My restraint may have been due to the fact that I was sitting next to a dietitian, Mrs. Prevention RD herself(!), whom I finally got to meet in real life. And I must say she is just as fun and bubbly as she is on her blog.

Overall I had an awesome weekend and I’m so glad that I got to go camping with good friends this summer.

01 Aug

Top 7 Things to Do in Tobermory

I’ve been missing in action for a over week now and that’s because I’ve been escaping the unbearable sweat lodge that is Windsor for a little vacation to the Bruce Peninsula and Grey County in Midwestern Ontario. Matt and I camped in Bruce Peninsula National Park before meeting up with my family for a week long stay in the Blue Mountains. Glorious!

Tobermory is one of my favourite places in Canada. It has serenity, spectacular geological formations, great hiking, phenomenal swimming, and clear skies. So if you ever decide to head there, here are some things that should not be missed.

Take a Hike

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The 894 km Bruce Trail starts in Tobermory and this region is reputed to have the most gorgeous views of the entire trail. Try hiking from Halfway Log Dump to Cave Point on the Bruce Trail. It is difficult, but the gorgeous views gorgeous views offered from the top of the Niagara escarpment are worth the effort.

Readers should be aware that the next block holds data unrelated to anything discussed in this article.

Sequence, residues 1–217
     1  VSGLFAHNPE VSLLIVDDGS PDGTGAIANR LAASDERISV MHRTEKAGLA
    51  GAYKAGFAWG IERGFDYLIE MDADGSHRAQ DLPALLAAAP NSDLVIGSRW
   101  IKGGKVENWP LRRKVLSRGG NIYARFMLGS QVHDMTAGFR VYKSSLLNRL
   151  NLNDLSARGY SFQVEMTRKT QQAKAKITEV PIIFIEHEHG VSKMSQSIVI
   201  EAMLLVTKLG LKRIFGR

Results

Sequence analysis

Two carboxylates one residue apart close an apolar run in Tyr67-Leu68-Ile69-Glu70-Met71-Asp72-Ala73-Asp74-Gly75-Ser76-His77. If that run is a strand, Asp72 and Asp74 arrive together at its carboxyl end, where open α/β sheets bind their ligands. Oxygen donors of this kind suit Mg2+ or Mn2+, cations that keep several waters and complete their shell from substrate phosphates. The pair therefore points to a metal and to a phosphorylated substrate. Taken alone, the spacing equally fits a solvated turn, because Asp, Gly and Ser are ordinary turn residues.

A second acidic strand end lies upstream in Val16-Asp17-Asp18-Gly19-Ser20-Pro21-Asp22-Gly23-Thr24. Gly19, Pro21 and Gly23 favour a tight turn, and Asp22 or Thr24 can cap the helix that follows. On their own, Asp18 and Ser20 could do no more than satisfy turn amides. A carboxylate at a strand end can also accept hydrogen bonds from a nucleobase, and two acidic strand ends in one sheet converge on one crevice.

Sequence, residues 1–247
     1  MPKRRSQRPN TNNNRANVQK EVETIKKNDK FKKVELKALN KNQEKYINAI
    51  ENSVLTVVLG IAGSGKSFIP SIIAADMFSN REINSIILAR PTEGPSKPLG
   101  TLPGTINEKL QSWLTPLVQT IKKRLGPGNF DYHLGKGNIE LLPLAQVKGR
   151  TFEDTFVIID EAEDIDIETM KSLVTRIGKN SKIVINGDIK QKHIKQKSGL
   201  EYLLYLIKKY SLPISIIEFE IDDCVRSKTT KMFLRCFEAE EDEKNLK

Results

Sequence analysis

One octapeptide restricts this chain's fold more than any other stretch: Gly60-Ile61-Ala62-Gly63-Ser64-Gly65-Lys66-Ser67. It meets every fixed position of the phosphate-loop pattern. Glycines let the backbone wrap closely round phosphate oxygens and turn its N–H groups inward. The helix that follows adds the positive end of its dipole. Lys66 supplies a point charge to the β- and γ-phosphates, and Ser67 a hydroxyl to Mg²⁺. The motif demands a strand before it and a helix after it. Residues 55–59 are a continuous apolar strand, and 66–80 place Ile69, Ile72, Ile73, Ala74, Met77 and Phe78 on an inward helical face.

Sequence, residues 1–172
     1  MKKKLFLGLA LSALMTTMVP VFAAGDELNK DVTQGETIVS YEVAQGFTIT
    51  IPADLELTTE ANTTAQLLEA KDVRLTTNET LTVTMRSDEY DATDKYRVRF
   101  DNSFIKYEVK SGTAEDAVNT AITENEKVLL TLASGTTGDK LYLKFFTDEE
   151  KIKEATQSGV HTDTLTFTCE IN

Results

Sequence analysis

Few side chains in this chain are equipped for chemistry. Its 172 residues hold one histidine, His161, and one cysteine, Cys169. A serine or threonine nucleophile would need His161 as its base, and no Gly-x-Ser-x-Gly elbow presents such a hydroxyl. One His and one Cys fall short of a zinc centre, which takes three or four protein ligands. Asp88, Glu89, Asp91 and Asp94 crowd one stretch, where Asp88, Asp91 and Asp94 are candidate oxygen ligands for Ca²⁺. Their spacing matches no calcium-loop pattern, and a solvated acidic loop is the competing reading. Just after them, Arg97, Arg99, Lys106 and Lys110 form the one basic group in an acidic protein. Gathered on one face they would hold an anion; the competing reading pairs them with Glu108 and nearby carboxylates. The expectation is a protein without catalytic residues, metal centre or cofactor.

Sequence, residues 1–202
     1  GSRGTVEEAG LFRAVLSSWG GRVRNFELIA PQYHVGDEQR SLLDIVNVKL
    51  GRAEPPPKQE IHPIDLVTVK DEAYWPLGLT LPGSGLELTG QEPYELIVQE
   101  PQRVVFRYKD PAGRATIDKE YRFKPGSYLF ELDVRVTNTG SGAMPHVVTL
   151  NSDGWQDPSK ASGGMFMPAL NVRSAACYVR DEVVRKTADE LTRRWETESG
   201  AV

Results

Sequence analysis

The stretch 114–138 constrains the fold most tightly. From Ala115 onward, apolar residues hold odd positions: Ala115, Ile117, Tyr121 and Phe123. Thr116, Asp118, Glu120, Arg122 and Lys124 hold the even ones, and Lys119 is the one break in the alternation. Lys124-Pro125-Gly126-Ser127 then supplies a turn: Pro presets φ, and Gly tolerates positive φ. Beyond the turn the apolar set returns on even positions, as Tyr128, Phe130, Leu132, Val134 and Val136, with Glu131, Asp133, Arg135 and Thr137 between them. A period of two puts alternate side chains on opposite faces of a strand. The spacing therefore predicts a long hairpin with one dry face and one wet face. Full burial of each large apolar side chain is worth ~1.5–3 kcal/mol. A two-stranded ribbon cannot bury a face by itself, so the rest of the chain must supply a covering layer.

How to Get There:

Halfway Log Dump trailhead is remote but it can be accessed by taking Hwy 6 about 3K south of Cyprus Lake Campground to Emmett Lake Rd (dirt road, 8K long). Follow the blue trail blazes from the parking lot until just before the boulder beach where you will turn left onto the Bruce Trail.

Tips:

– Parking is available for a fee of $11.70 which appears to be based on the honour system.
– Many hikers walk along the boulder beach thinking they’re on the right path because the Bruce Trail is easy to miss here. Look for the white trail blazes on the trees marking the Bruce Trail. You will see them just before the beach.

Boulder at the Coastline

If you don’t want to hike from Halfway Log Dump, you can boulder there instead. There are countless boulders along the coast just waiting to be climbed. Bouldering is permitted along the beach up to cave point.

How to Get There:

Same directions as above.

Tips:

– Bouldering isn’t permitted in the forest.
– Be careful to avoid any vegetation include lakeside daisies

Visit the Grotto